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Daewoo Motor sale to GM is bumpy road

Posted October. 10, 2000 14:37,   


The negotiation for the sale of Daewoo Motor between Korean creditors and the General Motors-Fiat consortium has begun, but it won't be an easy deal.

It is not a deal that the creditors will select one of the bidders but a solo negotiation, so it is likely that GM will have a predominant power in the deal.

Also, the news that GM has submitted a letter of intent was released from government officials, not from the Korea Development Bank, the main creditor bank. It means that many parties are involved in the deal, which could serve as an obstacle.

Initially, the GM-Fiat consortium will negotiate with creditors while conducting inspections of Daewoo's domestic and overseas subsidiaries. It will examine whether the company is worthwhile to buy.

Officials of Korea Development Bank anticipate that the primary inspection will be completed in two to four weeks. It is a custom to conclude a memorandum of understanding after the primary inspection. A precise inspection will be followed by a formal contract.

An official at Korea Development Bank said that the memorandum of understanding could be exempted in accordance with the negotiation and culminate in a formal contract, noting that GM officials did not specify a detailed schedule for negotiation.

GM indicated interest in a blanket purchase of Daewoo Motor, but it is unlikely that GM will take over Daewoo's entire operations, including Ssangyong Motor, Daewoo Capital and Daewoo Telecom's Boryung plant, as well as 36 overseas subsidiaries.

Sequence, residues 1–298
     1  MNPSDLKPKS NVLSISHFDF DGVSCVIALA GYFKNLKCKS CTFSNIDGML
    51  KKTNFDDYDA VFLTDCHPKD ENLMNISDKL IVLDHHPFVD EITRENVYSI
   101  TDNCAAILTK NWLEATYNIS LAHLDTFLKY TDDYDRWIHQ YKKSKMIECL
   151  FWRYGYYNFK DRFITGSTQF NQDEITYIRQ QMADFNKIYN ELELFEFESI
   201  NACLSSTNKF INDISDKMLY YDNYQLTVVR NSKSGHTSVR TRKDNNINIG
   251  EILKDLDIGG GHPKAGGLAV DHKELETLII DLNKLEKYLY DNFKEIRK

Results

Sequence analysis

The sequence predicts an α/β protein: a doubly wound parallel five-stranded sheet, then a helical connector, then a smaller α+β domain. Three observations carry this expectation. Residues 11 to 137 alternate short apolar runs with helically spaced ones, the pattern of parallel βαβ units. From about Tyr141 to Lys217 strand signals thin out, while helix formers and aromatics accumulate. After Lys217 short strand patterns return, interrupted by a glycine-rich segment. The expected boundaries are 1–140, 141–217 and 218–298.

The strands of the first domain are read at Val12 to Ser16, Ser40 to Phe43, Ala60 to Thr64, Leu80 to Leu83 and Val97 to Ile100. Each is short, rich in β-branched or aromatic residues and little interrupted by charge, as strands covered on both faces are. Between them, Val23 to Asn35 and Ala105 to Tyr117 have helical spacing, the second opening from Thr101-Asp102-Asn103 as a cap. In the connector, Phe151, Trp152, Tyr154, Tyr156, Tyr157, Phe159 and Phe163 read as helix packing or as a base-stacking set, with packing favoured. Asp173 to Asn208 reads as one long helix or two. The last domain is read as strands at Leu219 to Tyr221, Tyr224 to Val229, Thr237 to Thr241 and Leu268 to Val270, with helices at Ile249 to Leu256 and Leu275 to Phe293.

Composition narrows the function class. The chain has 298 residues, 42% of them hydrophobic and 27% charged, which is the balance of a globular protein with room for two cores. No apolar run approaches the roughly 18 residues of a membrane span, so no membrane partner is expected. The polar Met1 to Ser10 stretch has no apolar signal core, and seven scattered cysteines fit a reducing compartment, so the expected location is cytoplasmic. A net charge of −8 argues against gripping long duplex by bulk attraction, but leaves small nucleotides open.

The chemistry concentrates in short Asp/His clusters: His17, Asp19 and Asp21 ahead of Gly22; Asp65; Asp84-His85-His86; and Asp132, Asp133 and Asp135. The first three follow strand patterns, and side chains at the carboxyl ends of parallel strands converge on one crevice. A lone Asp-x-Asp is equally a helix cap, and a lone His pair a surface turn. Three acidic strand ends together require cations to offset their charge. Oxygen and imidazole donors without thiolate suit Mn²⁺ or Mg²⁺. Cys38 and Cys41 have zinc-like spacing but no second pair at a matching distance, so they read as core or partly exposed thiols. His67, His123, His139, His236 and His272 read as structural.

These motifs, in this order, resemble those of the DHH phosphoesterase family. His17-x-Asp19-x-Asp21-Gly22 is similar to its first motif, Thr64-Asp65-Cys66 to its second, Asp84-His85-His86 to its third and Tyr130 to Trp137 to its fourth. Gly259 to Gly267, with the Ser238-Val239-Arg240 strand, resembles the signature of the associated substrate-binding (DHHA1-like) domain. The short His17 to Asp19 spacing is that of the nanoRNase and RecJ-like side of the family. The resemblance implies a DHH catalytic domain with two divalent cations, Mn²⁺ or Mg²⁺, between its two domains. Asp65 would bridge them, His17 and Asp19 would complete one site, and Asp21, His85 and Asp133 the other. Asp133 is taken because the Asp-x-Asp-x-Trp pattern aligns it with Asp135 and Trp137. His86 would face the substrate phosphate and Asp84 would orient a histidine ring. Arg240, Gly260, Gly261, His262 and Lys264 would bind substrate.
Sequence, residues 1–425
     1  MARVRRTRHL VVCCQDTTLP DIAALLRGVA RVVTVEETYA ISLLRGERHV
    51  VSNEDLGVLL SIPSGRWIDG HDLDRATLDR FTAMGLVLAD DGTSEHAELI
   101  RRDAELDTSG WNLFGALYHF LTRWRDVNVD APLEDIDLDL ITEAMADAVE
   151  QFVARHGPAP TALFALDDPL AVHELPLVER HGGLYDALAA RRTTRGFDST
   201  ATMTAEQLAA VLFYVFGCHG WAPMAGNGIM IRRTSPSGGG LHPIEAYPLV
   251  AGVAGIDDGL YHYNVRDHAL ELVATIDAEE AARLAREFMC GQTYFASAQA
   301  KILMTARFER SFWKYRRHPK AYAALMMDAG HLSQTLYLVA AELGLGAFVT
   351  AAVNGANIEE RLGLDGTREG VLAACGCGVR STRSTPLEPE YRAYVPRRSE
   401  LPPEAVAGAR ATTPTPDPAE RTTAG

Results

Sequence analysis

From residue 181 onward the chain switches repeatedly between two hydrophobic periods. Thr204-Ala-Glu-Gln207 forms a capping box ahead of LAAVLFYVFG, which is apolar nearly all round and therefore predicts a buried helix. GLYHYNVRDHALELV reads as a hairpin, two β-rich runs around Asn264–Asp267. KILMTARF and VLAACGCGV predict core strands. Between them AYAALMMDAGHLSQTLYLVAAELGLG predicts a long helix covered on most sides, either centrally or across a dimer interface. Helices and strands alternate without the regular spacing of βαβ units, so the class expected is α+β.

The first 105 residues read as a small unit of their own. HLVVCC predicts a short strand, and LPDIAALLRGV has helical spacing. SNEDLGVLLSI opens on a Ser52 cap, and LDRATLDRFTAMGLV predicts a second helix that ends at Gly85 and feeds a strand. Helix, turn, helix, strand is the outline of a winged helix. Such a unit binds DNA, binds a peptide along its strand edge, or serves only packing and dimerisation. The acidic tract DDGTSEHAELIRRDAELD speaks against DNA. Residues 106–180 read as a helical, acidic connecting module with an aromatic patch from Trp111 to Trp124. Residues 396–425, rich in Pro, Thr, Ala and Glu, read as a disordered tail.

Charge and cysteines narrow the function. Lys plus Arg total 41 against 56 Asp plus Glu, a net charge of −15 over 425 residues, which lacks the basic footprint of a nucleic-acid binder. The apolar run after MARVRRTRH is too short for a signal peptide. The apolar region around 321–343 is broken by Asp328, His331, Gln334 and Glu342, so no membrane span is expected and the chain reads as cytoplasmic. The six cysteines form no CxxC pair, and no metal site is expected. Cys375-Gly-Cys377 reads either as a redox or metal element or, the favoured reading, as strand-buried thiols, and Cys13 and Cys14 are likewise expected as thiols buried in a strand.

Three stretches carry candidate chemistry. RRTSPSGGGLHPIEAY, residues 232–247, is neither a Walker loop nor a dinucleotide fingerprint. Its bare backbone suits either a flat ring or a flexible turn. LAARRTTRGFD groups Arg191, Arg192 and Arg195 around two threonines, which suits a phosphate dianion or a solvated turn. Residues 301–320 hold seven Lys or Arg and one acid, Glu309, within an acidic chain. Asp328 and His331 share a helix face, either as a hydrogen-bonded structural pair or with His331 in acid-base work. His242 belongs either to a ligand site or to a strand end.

Previously, Ford was reluctant to undertake some of Daewoo's domestic subsidiaries.

An official in the creditors' group said that GM was showing interest in Daewoo Motor because it would enable the company to secure an outpost for the Asian market, so overseas subsidiaries and insolvent domestic operations might be excluded from the target of GM's purchase.

Another problem is that there are too many cooks. In fact, GM and Korea Development Bank were supposed to jointly announce that GM had submitted the letter of intent for purchase of Daewoo Motor. Yet Lee Keun-Young, head of the Financial Supervisory Commission, released the news ahead of the joint announcement, embarrassing the creditors. It seems that the FSC does know the basics that what is agreed between the two parties has to be strictly kept in secret.

It is a prevailing opinion in the financial circle that the FSC head's unexpected behavior could hamper the negotiation for sale. Even within Korea Development Bank, the executive who is in charge of the sale is frequently replaced, causing a confusion.